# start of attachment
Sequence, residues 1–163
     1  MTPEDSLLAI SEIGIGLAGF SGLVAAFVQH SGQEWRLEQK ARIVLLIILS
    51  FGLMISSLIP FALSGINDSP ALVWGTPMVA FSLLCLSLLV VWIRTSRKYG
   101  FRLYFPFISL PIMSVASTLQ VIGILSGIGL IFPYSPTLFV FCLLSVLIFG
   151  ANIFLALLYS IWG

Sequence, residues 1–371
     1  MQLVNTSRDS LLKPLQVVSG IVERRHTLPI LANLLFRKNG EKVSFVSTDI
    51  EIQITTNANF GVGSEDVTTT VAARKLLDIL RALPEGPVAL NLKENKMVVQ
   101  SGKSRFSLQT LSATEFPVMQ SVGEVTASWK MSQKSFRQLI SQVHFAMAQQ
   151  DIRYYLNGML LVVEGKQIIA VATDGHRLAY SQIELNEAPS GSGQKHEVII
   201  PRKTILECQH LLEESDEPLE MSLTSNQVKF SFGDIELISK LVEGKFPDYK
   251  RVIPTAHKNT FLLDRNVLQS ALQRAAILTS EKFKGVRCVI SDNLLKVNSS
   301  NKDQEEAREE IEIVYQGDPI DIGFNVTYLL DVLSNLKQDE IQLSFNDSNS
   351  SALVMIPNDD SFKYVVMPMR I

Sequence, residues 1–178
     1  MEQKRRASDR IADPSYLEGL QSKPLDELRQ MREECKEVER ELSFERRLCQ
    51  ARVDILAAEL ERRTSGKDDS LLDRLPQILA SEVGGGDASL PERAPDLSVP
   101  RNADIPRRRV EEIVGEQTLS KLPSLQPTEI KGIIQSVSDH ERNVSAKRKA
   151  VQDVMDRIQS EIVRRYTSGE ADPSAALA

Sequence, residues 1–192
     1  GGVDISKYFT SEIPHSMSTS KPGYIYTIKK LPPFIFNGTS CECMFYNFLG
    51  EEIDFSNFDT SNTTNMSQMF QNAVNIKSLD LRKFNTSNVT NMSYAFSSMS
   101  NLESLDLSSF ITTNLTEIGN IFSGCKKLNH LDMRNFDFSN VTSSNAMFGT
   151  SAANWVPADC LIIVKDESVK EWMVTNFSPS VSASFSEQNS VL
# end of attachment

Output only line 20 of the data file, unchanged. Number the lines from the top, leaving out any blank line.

Sequence, residues 1–192